Left: the first version of the blanket. Right: the second incarnation.
For all the posts in this series, you can go HERE!
This post isn’t really a Hack post, it’s more about sharing insights – OK, it’s really just a project update. I’m not usually into sharing the ins and outs and ups and downs of making things, but this particular project involves my ‘creative process’, and I know that some people find it a slightly mysterious state that they’d like some insight into, and I’m happy to share.
I think when we last left off ,I was rolling along and had figured out how many rows I needed to work each day to get the blanket done by the end of the summer. I also had an idea about my colour distribution, and basically, I thought I was off to the races. Hahahahahaha! The best laid plans … after working about twelve inches I found, despite all my planning, I didn’t like my blanket.
1. Too Wide
I had overestimated the size I really wanted, it was working up to be about a queen size, and I just wanted a throw. Also, the rows were taking FOREVER! Part of the problem might have been the fabric’s natural stretchiness once was worked up on a larger scale (the stitch is very stretchy in the fingering weight merino wool), but I think I just chose the wrong finished size.
So I started again, from scratch. This time I chained 242 stitches to make a blanket narrower, it is working up to about 51″ wide. To get an accurate dimension you need to measure it on a flat, hard surface, like a table or the floor. You won’t get an accurate measurement on a bed or sofa. I guess I did have a HACK for you, after all!
2. Hated the Colour
Everyone else liked it, and the colours looked gorgeous together, but I didn’t dig it. My rainbow system (above left) was VERY rainbowy, and the prospect of that much rainbow in a blanket was a bit too rainbow-brite for me. The prospect of a queen sized rainbow blanket was too much for my delicate aesthetic sensibilities. It was also kind of boring for me to work, it was very predictable, andthe harmony and redundancy weren’t working for me.
My new ‘system’ is simpler but subjective. I’m alternating warm (red, orange, yellow) and cool (green, blue, purple) colours. I’m also alternating light and dark colours, bright and muted colours – basically trying to create a contrast between colours. I like to create a tension between colours. Do you remember the Kandinsky painting at the start of the movie Six Degrees of Separation? It was a double sided painting; one side was an expressive, chaotic style, and the other more controlled. Well, I’ve always appreciated a graphic, controlled design aesthetic, but my soul as an artist is in the chaos camp.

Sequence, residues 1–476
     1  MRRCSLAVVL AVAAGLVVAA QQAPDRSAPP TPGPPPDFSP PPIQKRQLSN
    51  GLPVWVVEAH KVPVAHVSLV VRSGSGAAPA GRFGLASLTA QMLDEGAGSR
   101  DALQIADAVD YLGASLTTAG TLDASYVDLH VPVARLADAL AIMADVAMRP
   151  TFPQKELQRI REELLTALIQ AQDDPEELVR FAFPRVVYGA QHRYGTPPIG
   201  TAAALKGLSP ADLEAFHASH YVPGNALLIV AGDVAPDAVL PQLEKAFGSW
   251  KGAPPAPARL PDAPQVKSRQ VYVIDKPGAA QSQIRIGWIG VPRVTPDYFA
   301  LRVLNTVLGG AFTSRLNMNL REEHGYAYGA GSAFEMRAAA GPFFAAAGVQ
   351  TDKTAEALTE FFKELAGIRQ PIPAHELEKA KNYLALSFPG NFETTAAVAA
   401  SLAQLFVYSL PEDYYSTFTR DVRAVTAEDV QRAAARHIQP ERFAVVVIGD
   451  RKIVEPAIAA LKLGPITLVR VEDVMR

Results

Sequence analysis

People often ask me if I like their colour choice, and I always answer “What I like doesn’t matter.” This isn’t just a tactful way to respond to a colour combination that turns my stomach, it’s the truth, my preference is completely irrelevant. I don’t have to work with your colours, and I don’t have to live with them. My job isn’t to tell you what I like, my job is to help you find what YOU enjoy, what looks good on you, and which colours are complimentary and work well with your project. That said, if you like what I like, I’m more than happy to share!
Oh, BTW, I don’t weave in the ends until the end, because as you can see, it ain’t done until it’s DONE, and trying to rip back work when you’ve woven in the ends is a special kind of hell. Another Mini-Hack!
So I’m back on track …. sort of. My ‘schedule’ was totally shot to hell, but I’m really enjoying the project now, so I’m happy. As for the creative process, it’s kind of a misnomer. It’s really more of a progression, an evolution with fits and starts, giant strides and dead ends. Setbacks aren’t failures, just diversions, and sometimes they can be extremely fruitful and get you where you need to go.